- Start note input, then click the Grace Notes button in the Notes toolbar at the left of the window.
- The caret becomes less tall, indicating you are now inputting grace notes.
- You can also use the key command /.
- By default, grace notes will be slashed.
- Press Alt+/ to toggle between slashed and unslashed grace notes.
- You can always toggle existing grace notes from slashed to unslashed (or vice versa) using the Grace note type properties in the Grace Note section of the Properties panel.
Select the note or notes you would like to build chords on.
Type Shift+I to open the intervals popover.
Enter a number to add notes above the selected notes.
For example, type 3 and press Enter to add notes a third above the selected notes. Type -3 to add the notes a third below.
Separate numbers with commas to add multiple notes, for example type 3,6 to add notes a third and a sixth about the select notes.
You can also specify the quality of the interval, for example typing dim5 adds a diminished fifth above the selected notes.
If you type a t before the number it will transpose the existing selection rather than add new notes.
For example, typing t4 transposes the selected notes by a fourth.
- Get your projects looking just how you like them, using Layout Options, Engraving Options, Notation Options and so on.
- Save the settings so you can use them again by clicking Save as Default.
- You can save a set of default settings for each options dialog separately.
- Other dialogs such as the Notehead Sets Editor and Paragraph Styles etc. also allow you to set the current settings as the default for new projects.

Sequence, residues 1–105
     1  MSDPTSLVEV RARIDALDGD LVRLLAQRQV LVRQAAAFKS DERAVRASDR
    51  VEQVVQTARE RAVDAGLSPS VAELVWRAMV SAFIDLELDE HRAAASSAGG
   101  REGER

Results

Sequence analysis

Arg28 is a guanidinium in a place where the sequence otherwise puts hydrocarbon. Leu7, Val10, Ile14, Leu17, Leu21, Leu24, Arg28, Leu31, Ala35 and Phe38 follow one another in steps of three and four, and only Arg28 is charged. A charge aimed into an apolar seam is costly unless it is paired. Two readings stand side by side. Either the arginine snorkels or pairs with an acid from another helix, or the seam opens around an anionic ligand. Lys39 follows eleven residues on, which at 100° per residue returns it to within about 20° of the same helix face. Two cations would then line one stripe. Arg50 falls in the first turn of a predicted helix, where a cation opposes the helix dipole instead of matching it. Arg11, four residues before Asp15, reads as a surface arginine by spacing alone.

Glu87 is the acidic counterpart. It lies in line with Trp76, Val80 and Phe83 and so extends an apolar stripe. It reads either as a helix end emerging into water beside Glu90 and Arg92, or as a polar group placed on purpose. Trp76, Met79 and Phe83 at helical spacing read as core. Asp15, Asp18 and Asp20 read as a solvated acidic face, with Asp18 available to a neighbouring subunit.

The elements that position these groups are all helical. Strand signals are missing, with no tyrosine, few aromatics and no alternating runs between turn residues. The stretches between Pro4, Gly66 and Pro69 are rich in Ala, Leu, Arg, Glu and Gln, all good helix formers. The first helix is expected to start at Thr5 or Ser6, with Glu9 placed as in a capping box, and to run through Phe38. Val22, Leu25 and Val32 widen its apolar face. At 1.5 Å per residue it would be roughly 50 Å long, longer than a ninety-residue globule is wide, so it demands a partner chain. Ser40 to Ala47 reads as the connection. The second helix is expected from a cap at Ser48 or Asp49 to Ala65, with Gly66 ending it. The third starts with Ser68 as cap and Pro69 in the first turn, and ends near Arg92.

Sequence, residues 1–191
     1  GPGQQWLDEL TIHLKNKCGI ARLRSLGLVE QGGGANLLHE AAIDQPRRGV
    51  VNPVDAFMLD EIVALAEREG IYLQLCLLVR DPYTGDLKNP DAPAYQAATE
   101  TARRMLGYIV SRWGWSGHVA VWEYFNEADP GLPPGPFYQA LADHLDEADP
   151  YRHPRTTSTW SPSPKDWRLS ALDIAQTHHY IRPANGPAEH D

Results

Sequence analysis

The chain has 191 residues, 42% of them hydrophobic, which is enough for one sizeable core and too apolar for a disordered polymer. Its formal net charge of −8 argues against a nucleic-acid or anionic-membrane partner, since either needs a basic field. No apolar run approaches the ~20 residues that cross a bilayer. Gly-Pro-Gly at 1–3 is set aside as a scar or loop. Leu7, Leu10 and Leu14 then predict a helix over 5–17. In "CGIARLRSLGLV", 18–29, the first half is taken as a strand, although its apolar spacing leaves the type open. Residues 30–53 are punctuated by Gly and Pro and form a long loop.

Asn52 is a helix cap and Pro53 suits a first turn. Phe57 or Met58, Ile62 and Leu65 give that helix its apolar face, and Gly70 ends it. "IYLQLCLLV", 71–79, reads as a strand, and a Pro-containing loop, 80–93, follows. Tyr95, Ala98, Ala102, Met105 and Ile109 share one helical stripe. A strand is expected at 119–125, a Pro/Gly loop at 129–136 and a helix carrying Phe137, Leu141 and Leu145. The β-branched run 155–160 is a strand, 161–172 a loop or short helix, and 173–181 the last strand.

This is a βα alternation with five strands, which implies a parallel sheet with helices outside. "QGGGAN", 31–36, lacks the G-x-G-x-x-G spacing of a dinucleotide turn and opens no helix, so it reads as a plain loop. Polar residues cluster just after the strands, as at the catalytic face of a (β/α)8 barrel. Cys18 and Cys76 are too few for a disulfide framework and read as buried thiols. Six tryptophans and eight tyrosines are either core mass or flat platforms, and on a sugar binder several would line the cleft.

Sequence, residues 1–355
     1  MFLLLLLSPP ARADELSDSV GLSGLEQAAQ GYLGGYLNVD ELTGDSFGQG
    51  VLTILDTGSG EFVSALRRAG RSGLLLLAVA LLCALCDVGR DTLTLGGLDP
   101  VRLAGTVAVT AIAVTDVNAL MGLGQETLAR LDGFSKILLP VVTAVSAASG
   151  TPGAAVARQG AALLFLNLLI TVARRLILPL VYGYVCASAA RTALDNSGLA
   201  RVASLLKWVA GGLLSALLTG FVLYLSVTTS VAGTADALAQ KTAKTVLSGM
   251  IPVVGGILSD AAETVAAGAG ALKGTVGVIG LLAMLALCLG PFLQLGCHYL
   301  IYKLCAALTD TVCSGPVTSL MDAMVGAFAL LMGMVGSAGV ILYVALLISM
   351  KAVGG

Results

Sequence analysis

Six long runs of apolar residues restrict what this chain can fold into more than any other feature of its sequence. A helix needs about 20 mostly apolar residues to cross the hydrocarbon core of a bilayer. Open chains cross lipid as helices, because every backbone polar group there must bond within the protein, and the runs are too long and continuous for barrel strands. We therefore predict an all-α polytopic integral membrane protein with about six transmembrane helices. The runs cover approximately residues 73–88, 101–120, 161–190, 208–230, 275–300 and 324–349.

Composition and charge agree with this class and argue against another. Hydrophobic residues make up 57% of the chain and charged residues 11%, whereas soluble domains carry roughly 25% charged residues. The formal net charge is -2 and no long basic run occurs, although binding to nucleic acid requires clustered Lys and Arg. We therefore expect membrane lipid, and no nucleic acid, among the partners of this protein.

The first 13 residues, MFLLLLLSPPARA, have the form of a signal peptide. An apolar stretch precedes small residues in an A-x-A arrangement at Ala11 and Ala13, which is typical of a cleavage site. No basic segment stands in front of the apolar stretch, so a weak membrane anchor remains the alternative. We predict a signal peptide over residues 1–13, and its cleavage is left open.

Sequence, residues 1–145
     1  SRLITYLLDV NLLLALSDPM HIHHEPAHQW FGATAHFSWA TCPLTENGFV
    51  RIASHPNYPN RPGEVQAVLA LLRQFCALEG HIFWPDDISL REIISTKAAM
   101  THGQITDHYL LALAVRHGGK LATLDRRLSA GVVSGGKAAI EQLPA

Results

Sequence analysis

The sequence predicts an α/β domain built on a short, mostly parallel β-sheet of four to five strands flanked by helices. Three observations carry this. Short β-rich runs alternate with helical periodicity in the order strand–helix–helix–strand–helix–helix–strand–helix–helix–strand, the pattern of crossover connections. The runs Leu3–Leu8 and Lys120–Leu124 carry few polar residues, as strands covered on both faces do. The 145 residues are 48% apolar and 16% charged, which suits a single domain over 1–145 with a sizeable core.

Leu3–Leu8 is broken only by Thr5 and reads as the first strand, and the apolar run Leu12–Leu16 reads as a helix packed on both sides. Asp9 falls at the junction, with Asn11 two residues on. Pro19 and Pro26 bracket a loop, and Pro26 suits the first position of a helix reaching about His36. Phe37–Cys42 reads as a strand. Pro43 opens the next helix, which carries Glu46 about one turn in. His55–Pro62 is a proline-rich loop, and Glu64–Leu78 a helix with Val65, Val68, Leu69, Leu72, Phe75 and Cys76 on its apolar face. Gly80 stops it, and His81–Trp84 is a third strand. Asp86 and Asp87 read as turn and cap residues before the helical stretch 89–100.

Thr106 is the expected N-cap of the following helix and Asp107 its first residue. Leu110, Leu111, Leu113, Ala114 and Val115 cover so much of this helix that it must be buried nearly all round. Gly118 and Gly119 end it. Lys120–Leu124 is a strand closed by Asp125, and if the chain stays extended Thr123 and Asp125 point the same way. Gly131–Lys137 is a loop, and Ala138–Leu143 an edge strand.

- You can always get back to the options that ship with Dorico by pressing Reset to Factory.
In this post I’m going to share the procedure to put together a performing edition of a set of Preces and Responses, based on the text of the Book of Common Prayer. The Preces and Responses are part of the choral evensong service in the Church of England and in Episcopal and Anglican churches around the world. They make an interesting case study for Dorico because they consist of a series of short versicles sung by a cantor, each one followed by a response sung by the choir, and this is an ideal fit both for Dorico’s multi-flow and page layout features.
The particular set of Responses I am going to produce is by William Smith, an English composer from the first half of the 17th century. The Smith Responses are often sung with a setting of the Lord’s Prayer written by Robert Stone, since Smith’s setting includes only a simple chanted version. I will be including Stone’s setting of the Lord’s Prayer in my performing edition. If you want to follow along exactly, you could use Sjouke Bruining’s edition on CPDL as a source: this edition uses the original note values, but I am going to halve the note values in my performing edition, as this reflects modern practice more closely.